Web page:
Statesmen and politicians ranlt
about higher education for Woman.
< She ought to hlave it. But tihe first
duly of men is to miake for her1 a hlome
and deeorato it, A rose is fragrant,
* dahlia beautiful; but it takes a dini
new to appease hunger. A womar
without a hoino is a carrier pieo
wMkout wings-.a mogul engine with
e a traek. Train the girls at homt
like soldiors. Let them scampoer liki
eohte, Ask themn if the boys thle
-iaeet have any sense, and why thlc
f lyhik so. You shoukit know thoiu
eoIanpany or know sonmbody that does
eewiks without endorsers .alre liabh
~'; *gt soirebody into'trouble.
~~ l~thigg shotud bo ftist4 You
and motihor who'oia-not pibnounco a
strong, healthy "No that is able to
staid alonv, ought to bo sent to the
pen itentiary and their girls to a loard
ing school that ha1s more rules than
rations anl 1no vacation.
The Rerormaa Club.
Yes, of course, join the reform club,
and if they make a club in a club
join it just as long as you cani fild it
with the aid of a microscope. It is
similar to being a member of the
church. Each member should join
all the societies gotten 111) inl tile
I church. So join tho reform clubs.
Wo are an applicant for membership
and a candidate for surgeon-goneral
of the Pickens club, and high nephew
to the president.
We never have patileon with mien
who aro always grumbling about the
roads, streets and bridges, and yet
never help to work them, Join the
club to work. Do your best to get
good men for ofice. akle your vote,
voico and infalmice count. The roll
of refolmi clubs should outnumber
the rolls of any democratic club that
ever existed in the county.
You o xA not lot it Iu t or interfere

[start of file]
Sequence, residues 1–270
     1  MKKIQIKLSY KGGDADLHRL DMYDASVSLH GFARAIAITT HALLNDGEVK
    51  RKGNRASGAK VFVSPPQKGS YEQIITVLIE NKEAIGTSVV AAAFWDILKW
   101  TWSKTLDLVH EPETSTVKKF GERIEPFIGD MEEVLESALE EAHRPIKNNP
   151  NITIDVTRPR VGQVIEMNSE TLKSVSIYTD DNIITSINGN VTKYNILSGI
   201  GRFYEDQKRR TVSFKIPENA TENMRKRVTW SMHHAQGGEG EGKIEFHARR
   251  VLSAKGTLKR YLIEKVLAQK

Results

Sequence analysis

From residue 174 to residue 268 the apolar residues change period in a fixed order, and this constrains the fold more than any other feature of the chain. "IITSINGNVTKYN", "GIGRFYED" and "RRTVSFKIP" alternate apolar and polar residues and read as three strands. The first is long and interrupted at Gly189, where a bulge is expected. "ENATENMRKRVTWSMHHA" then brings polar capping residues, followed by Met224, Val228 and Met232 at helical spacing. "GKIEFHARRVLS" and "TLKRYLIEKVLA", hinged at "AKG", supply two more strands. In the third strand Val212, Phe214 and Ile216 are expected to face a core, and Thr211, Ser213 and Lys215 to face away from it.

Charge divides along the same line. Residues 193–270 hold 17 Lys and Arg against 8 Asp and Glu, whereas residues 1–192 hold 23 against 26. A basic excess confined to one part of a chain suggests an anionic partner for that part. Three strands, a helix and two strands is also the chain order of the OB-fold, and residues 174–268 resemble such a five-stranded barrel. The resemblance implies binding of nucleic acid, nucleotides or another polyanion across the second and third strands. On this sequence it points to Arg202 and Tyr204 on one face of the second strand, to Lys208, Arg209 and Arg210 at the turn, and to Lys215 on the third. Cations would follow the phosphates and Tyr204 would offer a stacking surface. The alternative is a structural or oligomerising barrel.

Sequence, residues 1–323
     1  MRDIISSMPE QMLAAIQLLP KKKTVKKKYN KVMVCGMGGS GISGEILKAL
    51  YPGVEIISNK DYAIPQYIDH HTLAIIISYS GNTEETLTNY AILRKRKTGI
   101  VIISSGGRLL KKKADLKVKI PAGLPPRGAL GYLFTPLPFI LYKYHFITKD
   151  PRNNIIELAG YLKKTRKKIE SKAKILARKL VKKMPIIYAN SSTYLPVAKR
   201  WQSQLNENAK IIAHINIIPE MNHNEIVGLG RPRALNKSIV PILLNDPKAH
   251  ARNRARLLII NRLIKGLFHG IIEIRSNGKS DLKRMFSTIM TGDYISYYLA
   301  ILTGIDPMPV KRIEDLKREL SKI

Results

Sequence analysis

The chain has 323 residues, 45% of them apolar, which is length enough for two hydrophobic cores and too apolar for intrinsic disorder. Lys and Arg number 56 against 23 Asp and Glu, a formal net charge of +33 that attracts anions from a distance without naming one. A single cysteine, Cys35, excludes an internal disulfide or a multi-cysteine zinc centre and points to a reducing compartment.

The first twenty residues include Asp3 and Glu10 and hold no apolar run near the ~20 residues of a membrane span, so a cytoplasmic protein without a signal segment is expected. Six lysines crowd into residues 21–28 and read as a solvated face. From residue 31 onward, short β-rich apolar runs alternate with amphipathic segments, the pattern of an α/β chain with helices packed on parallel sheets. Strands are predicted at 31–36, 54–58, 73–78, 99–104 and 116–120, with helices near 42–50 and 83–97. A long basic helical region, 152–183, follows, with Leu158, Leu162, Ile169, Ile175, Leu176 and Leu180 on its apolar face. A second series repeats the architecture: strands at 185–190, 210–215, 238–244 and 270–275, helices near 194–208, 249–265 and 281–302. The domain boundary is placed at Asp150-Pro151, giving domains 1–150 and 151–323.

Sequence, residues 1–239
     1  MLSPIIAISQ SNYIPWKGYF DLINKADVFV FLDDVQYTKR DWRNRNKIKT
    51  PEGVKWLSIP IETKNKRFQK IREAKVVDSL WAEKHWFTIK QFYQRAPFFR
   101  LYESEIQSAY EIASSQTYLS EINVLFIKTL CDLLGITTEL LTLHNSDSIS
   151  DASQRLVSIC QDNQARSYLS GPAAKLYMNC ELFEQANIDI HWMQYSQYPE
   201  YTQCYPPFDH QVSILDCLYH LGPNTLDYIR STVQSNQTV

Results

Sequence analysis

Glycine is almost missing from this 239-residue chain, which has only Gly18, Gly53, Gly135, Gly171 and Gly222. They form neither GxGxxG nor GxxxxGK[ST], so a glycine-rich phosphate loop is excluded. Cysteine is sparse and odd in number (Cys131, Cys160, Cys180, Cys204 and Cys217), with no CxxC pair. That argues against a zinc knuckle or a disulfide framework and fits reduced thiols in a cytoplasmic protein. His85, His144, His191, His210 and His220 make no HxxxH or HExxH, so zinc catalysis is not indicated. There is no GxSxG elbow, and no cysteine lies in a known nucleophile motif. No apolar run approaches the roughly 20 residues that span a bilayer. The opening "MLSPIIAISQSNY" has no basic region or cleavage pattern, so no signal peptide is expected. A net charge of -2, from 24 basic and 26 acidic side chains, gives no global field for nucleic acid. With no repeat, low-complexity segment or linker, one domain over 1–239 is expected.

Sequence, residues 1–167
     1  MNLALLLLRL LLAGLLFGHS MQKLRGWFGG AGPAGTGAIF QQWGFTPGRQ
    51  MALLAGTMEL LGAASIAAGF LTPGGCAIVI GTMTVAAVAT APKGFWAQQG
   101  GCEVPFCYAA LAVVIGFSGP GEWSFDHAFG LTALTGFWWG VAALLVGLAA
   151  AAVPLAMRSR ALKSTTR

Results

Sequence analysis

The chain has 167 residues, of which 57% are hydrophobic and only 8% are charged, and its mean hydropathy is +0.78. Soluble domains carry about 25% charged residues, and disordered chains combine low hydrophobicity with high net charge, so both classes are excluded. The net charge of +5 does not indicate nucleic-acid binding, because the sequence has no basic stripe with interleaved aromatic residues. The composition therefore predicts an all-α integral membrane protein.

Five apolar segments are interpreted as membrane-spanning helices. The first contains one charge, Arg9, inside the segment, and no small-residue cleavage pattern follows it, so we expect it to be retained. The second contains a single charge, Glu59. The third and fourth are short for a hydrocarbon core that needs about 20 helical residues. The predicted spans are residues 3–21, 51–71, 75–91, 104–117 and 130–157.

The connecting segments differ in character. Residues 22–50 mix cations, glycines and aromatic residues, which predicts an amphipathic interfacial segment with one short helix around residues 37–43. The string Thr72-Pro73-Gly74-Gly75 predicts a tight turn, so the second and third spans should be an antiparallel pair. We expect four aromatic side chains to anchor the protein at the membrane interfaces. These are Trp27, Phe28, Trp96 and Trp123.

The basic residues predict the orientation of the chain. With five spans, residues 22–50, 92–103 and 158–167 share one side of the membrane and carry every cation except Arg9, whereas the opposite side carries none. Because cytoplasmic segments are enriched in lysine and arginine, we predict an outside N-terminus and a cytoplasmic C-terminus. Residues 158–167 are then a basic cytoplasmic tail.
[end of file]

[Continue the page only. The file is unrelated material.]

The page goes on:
with your democracy, but you need
not be braging about being a demo
We Can see no reason why any one
should hesitate. So at the next op.
portunity carry in your name, and do
anythinig that is required of you ex
cept run for office. Besides, there is
nothing else for you to join, and those
who do not join, should be required
to organize I debatingV society, and
bo heavily lined for non attendance.
The club at PIickens is in fino work
ing shapO and holds itself ready to
discharge all valid claims against the
old demnocrat ic club. It is d facto
and de jure the receiver of that cor
Thero is nothilg to hinder ally of
us from keeping our political duds
packed, ready to move at anytime the
reform club may wish to chango its
name and elect other officers. We
must, all keep up with the procession.
I The negro conIression al democratic
club has held a meeting and passed
resolutions severely criticising the ad
uMinistration because it finds so many
laborers and so few gent-lemen among
the negroes to appoint to ofeii. Geo.
W. Brow1n, who has mnre sene than
all tihe rest p~ut together, calls the
jclub's at tenutioni t~o the fact that there
Sare thiousandis of whito demlkocrats
more dleservinlg of oflice thlan anyi) of
thleml, who have not yet beenl supplied.
lHe thinks the nlegro is (loing remark
ably wveil and that he had better keep
quiet, for fear ho stirs up an investi.
gation of the cause of his complaints.
Befor you get on your ear about
Clevelanmts leiter to W'ilson on the
tarillf bill, it would be wvell for you to
to think a sober thiougrht or two. Thue
president has the constitutional right
to make any recommiendation to con
gress ho sees proper. He was smart
enough to see that a personal letter
to a member of the House was far
more likely to receive attention than
an official dlocumnent. He was elected
on a low tarifl' platform, and it is pecr
fectly legitimate for him t~o remind
demorauts of their allegiance to that
HI. H1. Clayton, of the Blue Hill Ob
1 servatory, is editing tihe weather for
seven days in advance each week, and
hie has beenm beat ing tile weather hu
reau to death. His predlictions have
bleen carefully verifi ed now for about
eight, months, and 82 pe cent. have
turnied out just as pictIifed. H~e haus
certainly broken all p~revious records